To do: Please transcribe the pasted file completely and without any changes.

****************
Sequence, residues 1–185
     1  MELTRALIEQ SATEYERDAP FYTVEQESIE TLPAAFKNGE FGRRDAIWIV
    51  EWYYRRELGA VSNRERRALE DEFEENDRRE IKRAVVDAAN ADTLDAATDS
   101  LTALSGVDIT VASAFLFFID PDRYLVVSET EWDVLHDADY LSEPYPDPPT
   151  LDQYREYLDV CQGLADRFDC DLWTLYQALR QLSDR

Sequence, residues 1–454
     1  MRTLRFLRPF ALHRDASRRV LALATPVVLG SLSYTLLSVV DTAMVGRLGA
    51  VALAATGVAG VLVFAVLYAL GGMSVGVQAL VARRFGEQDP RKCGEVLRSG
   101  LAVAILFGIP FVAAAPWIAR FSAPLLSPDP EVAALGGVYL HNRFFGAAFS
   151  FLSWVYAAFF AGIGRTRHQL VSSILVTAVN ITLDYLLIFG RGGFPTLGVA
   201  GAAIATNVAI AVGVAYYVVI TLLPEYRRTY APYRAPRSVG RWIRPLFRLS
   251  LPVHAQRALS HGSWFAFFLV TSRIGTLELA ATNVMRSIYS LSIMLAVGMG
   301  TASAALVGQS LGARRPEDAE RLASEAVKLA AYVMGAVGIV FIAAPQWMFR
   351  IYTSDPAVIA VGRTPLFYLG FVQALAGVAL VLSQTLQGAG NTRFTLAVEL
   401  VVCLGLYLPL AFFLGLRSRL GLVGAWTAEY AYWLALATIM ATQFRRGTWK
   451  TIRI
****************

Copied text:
Sequence, residues 1–185
     1  MELTRALIEQ SATEYERDAP FYTVEQESIE TLPAAFKNGE FGRRDAIWIV
    51  EWYYRRELGA VSNRERRALE DEFEENDRRE IKRAVVDAAN ADTLDAATDS
   101  LTALSGVDIT VASAFLFFID PDRYLVVSET EWDVLHDADY LSEPYPDPPT
   151  LDQYREYLDV CQGLADRFDC DLWTLYQALR QLSDR

Sequence, residues 1–454
     1  MRTLRFLRPF ALHRDASRRV LALATPVVLG SLSYTLLSVV DTAMVGRLGA
    51  VALAATGVAG VLVFAVLYAL GGMSVGVQAL VARRFGEQDP RKCGEVLRSG
   101  LAVAILFGIP FVAAAPWIAR FSAPLLSPDP EVAALGGVYL HNRFFGAAFS
   151  FLSWVYAAFF AGIGRTRHQL VSSILVTAVN ITLDYLLIFG RGGFPTLGVA
   201  GAAIATNVAI AVGVAYYVVI TLLPEYRRTY APYRAPRSVG RWIRPLFRLS
   251  LPVHAQRALS HGSWFAFFLV TSRIGTLELA ATNVMRSIYS LSIMLAVGMG
   301  TASAALVGQS LGARRPEDAE RLASEAVKLA AYVMGAVGIV FIAAPQWMFR
   351  IYTSDPAVIA VGRTPLFYLG FVQALAGVAL VLSQTLQGAG NTRFTLAVEL
   401  VVCLGLYLPL AFFLGLRSRL GLVGAWTAEY AYWLALATIM ATQFRRGTWK
   451  TIRI